92L Becomes Potential Tropical Cyclone Ten off the Coast of Georgia

August 28, 2017, 12:30 AM EDT

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Above:  Potential Tropical Cyclone 10 off the coast of Georgia and South Carolina, as seen by the GOES-16 satellite at 5:30 pm CDT Sunday, August 27, 2017. Image credit: NOAA/RAMMB. GOES-16 data are considered preliminary and non-operational.

A Tropical Storm Watch is posted for portions of the coasts of South Carolina and North Carolina, thanks to the increasing development of an area of low pressure (formerly called 92L) located about 135 miles south-southwest of Charleston, South Carolina at 8 pm EDT Sunday. This system was designated Potential Tropical Cyclone Ten (PTC 10) by NHC on Sunday afternoon. Satellite images on Sunday evening showed that PTC 10 had a modest amount of heavy thunderstorm activity that was gradually becoming more organized, but high wind shear of 35 - 45 knots was hindering development. The system was stationary on Sunday evening, but is expected to move to the northeast on Monday and Tuesday, very close to the Southeast U.S. coast. PTC 10 will bring heavy rains of 2 – 4” and rough surf to the coast of South Carolina on Monday, and to North Carolina and Virginia by Tuesday. The best chances for development into a tropical or subtropical depression or storm may come on Monday evening, when wind shear is expected to drop to 25 - 30 knots, according to the 0Z Monday run of the SHIPS model. In its tropical weather outlook issued at 8 pm EDT Sunday, the National Hurricane Center gave PTC Ten 2-day and 5-day odds of development of 90%. The storm is unlikely to gain sustained winds any higher than 45 mph as a tropical or subtropical cyclone, and will merge with a cold front and move to the northeast, out to sea, on Wednesday.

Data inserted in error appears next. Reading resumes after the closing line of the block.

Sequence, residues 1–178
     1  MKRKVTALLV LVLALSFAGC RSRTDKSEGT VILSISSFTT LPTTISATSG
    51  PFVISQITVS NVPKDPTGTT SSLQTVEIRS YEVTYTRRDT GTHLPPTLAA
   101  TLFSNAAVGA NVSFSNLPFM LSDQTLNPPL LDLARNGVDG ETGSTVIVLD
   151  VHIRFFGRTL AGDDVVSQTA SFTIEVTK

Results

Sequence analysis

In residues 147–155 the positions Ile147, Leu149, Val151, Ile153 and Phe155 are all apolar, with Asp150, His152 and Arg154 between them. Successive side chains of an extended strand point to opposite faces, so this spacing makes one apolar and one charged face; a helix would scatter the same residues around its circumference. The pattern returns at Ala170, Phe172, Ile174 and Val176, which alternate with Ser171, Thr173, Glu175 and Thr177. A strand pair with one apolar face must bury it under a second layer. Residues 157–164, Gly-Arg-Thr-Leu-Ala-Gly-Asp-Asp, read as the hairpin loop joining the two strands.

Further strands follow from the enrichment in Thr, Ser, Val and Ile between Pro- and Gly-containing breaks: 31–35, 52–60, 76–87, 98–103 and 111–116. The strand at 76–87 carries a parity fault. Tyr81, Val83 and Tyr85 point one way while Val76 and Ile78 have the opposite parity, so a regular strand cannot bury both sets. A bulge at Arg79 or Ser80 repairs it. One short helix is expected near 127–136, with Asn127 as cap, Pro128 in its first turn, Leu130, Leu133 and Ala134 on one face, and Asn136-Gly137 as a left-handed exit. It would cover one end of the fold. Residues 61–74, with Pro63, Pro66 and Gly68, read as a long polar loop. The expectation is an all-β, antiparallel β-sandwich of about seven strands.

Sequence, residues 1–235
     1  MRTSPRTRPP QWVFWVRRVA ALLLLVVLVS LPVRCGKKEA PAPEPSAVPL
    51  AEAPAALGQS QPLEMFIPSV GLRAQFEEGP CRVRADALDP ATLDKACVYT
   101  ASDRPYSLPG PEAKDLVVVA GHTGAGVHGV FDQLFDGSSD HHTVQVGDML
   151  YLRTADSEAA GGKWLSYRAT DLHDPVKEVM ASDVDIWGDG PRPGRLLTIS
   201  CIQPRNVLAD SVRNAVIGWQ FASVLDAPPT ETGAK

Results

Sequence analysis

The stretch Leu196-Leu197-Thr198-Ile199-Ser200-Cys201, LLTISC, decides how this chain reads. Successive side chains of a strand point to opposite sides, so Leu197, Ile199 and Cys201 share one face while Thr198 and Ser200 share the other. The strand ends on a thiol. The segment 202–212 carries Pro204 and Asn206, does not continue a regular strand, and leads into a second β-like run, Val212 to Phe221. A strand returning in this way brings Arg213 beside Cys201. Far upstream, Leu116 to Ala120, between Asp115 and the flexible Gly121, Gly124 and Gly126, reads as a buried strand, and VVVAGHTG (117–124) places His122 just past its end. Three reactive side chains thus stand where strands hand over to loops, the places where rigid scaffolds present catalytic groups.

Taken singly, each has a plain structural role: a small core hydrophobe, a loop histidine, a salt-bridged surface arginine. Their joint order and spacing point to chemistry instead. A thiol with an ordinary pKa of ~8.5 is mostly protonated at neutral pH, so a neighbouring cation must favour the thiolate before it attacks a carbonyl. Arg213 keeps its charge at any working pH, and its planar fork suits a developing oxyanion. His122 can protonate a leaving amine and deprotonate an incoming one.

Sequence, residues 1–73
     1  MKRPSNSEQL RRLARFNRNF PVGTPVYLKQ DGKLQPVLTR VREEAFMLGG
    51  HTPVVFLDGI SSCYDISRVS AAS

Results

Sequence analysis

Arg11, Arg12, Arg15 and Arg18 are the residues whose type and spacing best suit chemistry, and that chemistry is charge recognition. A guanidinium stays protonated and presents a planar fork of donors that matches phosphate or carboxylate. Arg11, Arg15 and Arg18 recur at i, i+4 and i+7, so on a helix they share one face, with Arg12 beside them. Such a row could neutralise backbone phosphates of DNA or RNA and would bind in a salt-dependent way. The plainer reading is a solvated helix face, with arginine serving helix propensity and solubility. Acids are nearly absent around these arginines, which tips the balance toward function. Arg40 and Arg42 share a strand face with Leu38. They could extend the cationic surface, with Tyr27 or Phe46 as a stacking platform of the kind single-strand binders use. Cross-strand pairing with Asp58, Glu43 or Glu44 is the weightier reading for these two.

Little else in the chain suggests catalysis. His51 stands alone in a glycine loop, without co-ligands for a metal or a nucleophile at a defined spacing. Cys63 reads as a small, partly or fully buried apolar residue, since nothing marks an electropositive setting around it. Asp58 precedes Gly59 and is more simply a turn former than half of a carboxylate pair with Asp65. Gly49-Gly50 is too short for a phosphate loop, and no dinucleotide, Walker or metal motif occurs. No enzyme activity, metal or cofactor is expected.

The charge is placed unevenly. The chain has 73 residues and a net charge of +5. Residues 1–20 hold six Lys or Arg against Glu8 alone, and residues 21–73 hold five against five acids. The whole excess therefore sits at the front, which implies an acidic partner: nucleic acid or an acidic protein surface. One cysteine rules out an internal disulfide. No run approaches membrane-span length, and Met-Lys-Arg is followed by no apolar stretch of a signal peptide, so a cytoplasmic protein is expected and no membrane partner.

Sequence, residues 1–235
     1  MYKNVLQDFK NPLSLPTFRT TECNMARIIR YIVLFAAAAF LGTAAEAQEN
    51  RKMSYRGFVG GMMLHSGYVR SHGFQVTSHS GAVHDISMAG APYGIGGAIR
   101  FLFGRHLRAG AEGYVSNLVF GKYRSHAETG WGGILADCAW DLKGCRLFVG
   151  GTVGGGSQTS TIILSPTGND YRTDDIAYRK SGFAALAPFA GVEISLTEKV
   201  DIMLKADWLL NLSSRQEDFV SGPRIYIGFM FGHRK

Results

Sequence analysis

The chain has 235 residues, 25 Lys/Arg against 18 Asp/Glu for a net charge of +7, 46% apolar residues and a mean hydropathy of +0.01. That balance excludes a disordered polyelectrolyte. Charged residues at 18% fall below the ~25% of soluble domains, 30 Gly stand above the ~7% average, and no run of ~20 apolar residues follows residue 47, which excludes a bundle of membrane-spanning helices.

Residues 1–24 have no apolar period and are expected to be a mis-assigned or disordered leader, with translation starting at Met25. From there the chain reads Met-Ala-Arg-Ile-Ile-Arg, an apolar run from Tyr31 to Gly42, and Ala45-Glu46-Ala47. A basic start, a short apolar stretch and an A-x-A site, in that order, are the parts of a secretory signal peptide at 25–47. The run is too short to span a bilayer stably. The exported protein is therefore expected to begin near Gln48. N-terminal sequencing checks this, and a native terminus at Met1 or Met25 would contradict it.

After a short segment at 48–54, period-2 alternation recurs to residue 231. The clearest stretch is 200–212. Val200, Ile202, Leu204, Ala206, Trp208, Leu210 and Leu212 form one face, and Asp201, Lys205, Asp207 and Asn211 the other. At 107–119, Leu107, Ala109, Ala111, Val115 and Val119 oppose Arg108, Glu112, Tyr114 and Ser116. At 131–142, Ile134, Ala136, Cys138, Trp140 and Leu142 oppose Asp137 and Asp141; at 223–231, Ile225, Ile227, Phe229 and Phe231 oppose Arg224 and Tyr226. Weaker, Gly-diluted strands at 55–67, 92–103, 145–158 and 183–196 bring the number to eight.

The next African tropical wave may develop

A tropical wave emerging from the coast of Africa on Sunday night is expected to develop into a tropical depression by Friday over the central tropical Atlantic, according to the 12Z Sunday runs of our top three models for predicting tropical cyclone genesis--the European, GFS, and UKMET models. The wave is predicted to head west to west-northwest at 15 – 20 mph, reaching the northern Lesser Antilles Islands no earlier than Tuesday, September 5. However, the storm is emerging from Africa fairly far to the north, and has a good chance of turning more to the northwest by the weekend and missing the Lesser Antilles Islands entirely. In its tropical weather outlook issued at 8 pm EDT Sunday, the National Hurricane Center gave this new wave 2-day and 5-day odds of development of 0% and 40%, respectively.

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Dr. Jeff Masters

Dr. Jeff Masters co-founded Weather Underground in 1995 while working on his Ph.D. in air pollution meteorology at the University of Michigan. He worked for the NOAA Hurricane Hunters from 1986-1990 as a flight meteorologist.


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